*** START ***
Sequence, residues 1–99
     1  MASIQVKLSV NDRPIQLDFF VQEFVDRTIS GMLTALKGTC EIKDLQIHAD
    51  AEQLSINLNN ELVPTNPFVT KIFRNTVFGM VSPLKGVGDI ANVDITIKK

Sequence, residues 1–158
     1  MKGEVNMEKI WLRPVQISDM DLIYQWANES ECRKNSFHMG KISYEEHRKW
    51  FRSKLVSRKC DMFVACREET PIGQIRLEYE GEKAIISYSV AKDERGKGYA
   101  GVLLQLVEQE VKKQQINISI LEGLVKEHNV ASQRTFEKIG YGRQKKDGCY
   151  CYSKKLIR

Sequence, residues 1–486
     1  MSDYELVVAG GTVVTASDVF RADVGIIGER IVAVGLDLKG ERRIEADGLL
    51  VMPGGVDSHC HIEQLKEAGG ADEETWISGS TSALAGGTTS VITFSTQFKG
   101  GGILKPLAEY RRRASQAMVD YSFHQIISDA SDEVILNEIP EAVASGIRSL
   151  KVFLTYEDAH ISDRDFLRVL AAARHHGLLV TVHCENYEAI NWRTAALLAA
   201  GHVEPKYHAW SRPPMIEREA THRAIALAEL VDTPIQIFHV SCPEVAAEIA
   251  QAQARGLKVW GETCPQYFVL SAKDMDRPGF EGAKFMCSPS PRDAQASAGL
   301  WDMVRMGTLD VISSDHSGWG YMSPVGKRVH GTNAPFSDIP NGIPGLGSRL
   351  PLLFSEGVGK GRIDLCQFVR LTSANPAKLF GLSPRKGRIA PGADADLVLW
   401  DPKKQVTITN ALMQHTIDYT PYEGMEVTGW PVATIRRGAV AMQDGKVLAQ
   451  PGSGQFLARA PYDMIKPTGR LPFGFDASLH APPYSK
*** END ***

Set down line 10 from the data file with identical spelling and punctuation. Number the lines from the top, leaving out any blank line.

     1  MSDYELVVAG GTVVTASDVF RADVGIIGER IVAVGLDLKG ERRIEADGLL